See also

References

  1. 1.0 1.1 Balz, Dan; Miller, Greg (6 June 2020). "America convulses amid a week of protests, but can it change?" (in en). https://www.washingtonpost.com/graphics/2020/politics/protests-reckoning/. 
  2. 2.0 2.1 Thompson, Alex. "White America is reckoning with racism. It could reshape 2020." (in en). https://www.politico.com/news/2020/06/09/white-voters-2020-biden-304804. 
  3. Woodly, Deva. "An American Reckoning" (in en-US). https://publicseminar.org/essays/an-american-reckoning/. 
  4. Brianna Keilar: You are watching America's reckoning - CNN Video, https://www.cnn.com/videos/us/2020/06/11/cultural-shifts-george-floyd-death-keilar-crn-vpx.cnn, retrieved 2020-07-02 
  5. "Seeds of honesty in a US reckoning on race". Christian Science Monitor. 2020-06-23. ISSN 0882-7729. https://www.csmonitor.com/Commentary/the-monitors-view/2020/0623/Seeds-of-honesty-in-a-US-reckoning-on-race. 
  6. "Amid U.S. reckoning on race, Black candidates harness voters' fervor for change" (in en). Reuters. 2020-06-25. https://www.reuters.com/article/us-usa-election-diversity-analysis-idUSKBN23W1HC. 
  7. "Black-Owned Businesses See Sales Surge Amid Racism Reckoning | Voice of America - English" (in en). https://www.voanews.com/usa/race-america/black-owned-businesses-see-sales-surge-amid-racism-reckoning. 
  8. "Opinion | Lincoln’s D.C. statue is having a cultural reckoning of its own" (in en). https://www.washingtonpost.com/opinions/letters-to-the-editor/lincolns-dc-statue-is-having-a-cultural-reckoning-of-its-own/2020/07/02/6b32d5f8-ba29-11ea-97c1-6cf116ffe26c_story.html.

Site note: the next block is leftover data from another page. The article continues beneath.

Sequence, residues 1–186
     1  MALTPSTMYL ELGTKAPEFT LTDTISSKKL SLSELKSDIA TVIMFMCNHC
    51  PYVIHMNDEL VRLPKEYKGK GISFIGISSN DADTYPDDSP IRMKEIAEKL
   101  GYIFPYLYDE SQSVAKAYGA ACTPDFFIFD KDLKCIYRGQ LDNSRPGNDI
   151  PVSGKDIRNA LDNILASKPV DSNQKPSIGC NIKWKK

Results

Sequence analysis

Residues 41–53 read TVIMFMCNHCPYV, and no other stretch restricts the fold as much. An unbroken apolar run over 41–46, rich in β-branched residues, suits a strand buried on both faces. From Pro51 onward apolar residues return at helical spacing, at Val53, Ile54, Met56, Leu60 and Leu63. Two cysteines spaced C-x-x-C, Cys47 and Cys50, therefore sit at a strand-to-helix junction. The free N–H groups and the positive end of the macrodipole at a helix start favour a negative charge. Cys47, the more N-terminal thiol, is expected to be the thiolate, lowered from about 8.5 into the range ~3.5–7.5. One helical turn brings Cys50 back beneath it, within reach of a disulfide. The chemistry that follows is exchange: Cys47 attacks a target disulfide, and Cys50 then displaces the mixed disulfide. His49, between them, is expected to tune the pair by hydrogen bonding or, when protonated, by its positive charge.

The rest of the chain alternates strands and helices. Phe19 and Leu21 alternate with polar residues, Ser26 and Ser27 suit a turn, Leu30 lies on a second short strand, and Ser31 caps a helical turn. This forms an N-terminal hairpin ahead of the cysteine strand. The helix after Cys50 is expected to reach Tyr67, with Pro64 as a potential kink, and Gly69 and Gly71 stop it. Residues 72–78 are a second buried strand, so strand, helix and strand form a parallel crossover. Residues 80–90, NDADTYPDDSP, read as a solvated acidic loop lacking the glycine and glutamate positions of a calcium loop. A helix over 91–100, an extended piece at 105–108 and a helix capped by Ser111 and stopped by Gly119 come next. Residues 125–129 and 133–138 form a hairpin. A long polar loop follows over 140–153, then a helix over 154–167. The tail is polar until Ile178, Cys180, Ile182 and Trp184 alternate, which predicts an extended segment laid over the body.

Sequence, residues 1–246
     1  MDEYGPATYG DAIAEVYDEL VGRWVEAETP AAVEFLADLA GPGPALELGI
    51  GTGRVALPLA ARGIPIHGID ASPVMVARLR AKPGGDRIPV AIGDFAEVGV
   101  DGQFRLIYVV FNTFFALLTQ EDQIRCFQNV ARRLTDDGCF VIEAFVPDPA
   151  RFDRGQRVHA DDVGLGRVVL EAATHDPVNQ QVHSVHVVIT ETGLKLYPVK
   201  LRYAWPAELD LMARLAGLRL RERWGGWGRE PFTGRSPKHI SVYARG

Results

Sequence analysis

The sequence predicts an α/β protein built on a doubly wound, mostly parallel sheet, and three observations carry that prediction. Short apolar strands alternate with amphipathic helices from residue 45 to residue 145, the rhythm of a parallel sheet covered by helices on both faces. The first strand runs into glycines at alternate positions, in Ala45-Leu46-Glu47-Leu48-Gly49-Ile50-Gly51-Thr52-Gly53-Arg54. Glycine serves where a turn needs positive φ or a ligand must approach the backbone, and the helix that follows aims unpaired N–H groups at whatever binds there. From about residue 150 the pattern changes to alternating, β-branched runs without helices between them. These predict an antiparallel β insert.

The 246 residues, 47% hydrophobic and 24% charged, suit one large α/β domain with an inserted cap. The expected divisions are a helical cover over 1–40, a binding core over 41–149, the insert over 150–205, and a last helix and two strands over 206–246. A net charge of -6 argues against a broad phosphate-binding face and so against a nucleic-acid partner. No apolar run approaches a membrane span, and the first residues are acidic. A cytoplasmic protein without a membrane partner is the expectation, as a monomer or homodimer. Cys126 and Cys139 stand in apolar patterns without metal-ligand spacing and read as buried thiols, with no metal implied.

9. McIntyre, Dave (3 July 2020). "The Court of Master Sommeliers has been called out for racism. Now, it is pledging change.". https://www.washingtonpost.com/lifestyle/food/the-court-of-master-sommeliers-has-been-called-out-for-racism-now-it-is-pledging-change/2020/07/02/8666674c-bc57-11ea-bdaf-a129f921026f_story.html. 
  10. "Black Journalists Weigh In On A Newsroom Reckoning" (in en). https://www.npr.org/2020/07/02/886845421/black-journalists-weigh-in-on-a-newsroom-reckoning. 
  11. "The chaos of reopening California bars, and a racial reckoning in the wine industry: what you missed this week" (in en-US). 2020-07-02. https://www.sfchronicle.com/wine/article/The-chaos-of-reopening-California-bars-and-a-15379887.php.